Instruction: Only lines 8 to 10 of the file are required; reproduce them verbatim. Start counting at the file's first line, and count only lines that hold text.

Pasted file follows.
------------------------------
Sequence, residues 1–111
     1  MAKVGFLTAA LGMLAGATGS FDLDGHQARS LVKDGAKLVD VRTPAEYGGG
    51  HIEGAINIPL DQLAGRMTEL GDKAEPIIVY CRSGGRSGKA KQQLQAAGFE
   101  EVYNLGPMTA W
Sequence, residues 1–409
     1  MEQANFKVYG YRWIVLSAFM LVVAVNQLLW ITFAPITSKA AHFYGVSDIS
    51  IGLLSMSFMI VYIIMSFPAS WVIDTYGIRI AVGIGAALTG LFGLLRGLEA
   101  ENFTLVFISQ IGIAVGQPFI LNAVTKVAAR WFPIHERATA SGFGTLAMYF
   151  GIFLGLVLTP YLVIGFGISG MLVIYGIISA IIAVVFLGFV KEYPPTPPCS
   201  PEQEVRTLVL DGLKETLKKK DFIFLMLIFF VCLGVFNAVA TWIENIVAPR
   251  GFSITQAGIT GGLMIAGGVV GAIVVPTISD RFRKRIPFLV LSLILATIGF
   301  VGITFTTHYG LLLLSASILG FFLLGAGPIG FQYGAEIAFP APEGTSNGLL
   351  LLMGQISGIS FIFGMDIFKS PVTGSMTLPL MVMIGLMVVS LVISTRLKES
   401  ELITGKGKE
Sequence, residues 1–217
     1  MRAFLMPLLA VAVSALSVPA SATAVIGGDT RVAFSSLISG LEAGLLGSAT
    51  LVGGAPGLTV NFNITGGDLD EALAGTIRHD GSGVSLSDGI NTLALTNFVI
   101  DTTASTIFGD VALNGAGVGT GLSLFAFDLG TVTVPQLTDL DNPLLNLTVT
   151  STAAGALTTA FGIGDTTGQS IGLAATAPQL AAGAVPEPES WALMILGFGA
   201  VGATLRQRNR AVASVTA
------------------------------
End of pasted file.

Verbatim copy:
   101  ENFTLVFISQ IGIAVGQPFI LNAVTKVAAR WFPIHERATA SGFGTLAMYF
   151  GIFLGLVLTP YLVIGFGISG MLVIYGIISA IIAVVFLGFV KEYPPTPPCS
   201  PEQEVRTLVL DGLKETLKKK DFIFLMLIFF VCLGVFNAVA TWIENIVAPR